Fundamental Analysis: Conclusion
By Ben McClure
Whenever you're thinking of investing in a company it is vital that you understand what it does, its market and the industry in which it operates. You should never blindly invest in a company.
One of the most important areas for any investor to look at when researching a company is the financial statements. It is essential to understand the purpose of each part of these statements and how to interpret them.
Let's recap what we've learned:
- Financial reports are required by law and are published both quarterly and annually.
- Management discussion and analysis (MD&A) gives investors a better understanding of what the company does and usually points out some key areas where it performed well.
- Audited financial reports have much more credibility than unaudited ones.
- The balance sheet lists the assets, liabilities and shareholders' equity.
- For all balance sheets: Assets = Liabilities + Shareholders' Equity. The two sides must always equal each other (or balance each other).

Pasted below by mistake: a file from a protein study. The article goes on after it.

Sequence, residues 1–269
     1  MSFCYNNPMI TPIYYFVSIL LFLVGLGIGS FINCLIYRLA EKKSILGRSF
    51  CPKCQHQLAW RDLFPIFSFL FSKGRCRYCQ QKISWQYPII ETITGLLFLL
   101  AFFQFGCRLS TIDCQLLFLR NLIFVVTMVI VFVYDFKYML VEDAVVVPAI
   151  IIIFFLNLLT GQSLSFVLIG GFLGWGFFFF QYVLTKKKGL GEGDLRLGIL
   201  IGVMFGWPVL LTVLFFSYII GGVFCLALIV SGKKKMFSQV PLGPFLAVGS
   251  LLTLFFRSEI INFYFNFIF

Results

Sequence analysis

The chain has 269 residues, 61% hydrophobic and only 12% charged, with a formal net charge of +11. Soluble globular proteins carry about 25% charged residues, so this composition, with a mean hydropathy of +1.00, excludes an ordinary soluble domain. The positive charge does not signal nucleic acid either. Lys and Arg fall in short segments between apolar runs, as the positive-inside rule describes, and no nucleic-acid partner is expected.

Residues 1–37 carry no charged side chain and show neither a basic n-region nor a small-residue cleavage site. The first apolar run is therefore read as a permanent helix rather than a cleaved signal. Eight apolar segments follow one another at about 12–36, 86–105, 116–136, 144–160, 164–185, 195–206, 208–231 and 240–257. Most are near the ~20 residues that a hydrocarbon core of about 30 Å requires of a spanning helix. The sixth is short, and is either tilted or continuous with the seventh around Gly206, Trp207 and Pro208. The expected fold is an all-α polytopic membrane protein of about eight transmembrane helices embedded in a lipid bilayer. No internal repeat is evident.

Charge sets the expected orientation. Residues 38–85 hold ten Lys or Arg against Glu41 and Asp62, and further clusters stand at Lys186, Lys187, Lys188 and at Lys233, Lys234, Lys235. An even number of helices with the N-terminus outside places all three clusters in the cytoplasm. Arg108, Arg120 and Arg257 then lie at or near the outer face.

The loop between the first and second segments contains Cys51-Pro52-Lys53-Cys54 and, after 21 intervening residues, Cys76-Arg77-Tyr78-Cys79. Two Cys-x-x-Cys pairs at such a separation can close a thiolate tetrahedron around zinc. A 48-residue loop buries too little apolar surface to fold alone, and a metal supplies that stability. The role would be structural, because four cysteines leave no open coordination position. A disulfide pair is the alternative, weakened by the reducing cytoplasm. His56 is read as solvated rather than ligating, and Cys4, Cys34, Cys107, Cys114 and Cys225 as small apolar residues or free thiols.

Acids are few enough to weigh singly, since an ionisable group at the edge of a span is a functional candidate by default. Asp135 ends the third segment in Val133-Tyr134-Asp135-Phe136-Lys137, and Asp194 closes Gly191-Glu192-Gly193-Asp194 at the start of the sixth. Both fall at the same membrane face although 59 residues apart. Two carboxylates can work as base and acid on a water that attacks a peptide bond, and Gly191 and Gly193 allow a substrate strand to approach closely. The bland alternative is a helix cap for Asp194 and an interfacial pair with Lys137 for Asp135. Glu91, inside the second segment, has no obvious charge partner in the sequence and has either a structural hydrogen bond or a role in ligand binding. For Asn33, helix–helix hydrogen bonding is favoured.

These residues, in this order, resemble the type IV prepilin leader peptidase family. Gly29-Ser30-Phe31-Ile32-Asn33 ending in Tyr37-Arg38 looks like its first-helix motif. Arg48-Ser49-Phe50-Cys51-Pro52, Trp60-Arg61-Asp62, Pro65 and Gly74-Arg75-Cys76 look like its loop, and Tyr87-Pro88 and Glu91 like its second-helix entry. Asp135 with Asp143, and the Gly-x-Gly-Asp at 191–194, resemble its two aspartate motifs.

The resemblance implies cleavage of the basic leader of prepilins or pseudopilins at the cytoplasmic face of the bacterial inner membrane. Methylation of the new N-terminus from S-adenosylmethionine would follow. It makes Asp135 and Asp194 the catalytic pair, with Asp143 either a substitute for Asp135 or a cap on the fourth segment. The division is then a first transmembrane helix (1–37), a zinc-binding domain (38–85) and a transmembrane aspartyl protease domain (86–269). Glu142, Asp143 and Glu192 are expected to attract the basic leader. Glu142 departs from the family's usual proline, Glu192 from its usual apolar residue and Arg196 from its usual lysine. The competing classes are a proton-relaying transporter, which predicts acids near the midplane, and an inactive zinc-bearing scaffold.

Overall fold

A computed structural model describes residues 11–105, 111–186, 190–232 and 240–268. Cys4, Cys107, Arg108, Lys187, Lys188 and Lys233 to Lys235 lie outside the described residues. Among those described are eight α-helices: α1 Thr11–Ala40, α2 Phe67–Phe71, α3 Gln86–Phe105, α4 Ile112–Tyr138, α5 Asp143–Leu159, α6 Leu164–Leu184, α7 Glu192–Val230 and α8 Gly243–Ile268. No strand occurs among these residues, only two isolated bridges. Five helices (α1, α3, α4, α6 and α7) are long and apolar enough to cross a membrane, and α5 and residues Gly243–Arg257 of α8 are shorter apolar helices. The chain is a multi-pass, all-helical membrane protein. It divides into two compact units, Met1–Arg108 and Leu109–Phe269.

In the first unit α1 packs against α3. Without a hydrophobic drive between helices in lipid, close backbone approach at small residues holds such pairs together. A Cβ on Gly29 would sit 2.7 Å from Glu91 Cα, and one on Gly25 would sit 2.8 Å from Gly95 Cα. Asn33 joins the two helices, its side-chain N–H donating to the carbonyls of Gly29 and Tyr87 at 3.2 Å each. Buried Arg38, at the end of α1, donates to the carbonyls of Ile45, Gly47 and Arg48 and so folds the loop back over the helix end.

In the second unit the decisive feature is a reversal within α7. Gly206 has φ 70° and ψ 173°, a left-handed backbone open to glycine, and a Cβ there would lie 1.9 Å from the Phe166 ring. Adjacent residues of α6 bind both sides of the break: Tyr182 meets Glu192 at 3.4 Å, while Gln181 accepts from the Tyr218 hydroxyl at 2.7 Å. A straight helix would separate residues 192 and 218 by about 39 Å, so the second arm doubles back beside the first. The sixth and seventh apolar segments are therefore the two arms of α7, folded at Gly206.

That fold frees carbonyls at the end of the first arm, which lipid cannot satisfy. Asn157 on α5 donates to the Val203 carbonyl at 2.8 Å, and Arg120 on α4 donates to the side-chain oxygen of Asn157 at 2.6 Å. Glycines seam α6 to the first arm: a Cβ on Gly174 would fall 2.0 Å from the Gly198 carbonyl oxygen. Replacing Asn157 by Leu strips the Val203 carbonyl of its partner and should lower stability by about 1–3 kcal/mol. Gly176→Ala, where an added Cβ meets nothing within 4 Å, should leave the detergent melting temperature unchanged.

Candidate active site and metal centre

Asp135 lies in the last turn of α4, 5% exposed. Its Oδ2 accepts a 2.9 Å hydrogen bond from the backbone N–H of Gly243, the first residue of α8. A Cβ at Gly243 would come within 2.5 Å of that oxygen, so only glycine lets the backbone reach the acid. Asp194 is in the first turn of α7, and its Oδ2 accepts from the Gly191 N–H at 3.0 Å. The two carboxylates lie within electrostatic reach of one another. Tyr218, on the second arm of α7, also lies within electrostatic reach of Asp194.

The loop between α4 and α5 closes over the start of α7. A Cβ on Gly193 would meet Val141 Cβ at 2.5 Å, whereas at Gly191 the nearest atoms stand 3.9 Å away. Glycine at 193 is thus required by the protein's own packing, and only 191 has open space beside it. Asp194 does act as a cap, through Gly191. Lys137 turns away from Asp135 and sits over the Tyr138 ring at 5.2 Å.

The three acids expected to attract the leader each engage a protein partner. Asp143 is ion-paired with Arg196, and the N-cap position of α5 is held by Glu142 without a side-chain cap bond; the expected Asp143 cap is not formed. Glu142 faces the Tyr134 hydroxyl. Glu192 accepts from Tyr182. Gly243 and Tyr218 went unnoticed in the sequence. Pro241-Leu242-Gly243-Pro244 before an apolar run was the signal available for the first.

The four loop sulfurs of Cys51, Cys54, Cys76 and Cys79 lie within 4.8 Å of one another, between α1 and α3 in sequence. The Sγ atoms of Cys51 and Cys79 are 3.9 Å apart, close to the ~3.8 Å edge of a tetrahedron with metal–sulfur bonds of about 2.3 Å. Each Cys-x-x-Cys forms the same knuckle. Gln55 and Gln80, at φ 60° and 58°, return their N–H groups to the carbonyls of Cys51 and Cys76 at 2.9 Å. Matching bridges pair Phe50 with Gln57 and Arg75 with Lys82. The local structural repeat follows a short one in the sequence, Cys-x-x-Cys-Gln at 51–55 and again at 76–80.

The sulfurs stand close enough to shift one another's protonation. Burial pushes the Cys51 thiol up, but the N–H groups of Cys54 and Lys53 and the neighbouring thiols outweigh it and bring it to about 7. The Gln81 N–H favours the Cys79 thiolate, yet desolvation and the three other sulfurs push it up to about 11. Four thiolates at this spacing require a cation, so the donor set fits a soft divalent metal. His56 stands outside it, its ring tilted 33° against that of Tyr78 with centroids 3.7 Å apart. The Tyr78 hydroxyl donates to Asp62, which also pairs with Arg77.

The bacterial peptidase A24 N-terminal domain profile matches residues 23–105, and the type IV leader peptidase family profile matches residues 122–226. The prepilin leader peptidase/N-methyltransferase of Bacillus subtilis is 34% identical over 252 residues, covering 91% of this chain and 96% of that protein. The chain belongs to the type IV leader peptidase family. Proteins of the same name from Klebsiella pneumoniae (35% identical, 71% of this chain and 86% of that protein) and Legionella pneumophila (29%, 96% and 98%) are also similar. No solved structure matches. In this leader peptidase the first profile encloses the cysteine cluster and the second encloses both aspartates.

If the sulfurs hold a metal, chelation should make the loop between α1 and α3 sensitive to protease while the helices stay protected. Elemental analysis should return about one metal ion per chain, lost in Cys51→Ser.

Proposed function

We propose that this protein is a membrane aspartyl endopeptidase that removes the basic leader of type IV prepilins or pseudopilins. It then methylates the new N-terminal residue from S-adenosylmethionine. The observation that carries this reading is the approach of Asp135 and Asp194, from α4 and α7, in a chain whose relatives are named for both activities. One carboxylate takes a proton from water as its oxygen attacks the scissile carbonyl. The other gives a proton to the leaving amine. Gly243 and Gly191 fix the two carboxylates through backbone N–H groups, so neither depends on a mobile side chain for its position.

- The income statement includes figures such as revenue, expenses, earnings and earnings per share.
- For a company, the top line is revenue while the bottom line is net income.
- The income statement takes into account some non-cash items, such as depreciation.
- The cash flow statement strips away all non-cash items and tells you how much actual money the company generated.
- The cash flow statement is divided into three parts: cash from operations, financing and investing.
- Always read the notes to the financial statements. They provide more in-depth information on a wide range of figures reported in the three financial statements.
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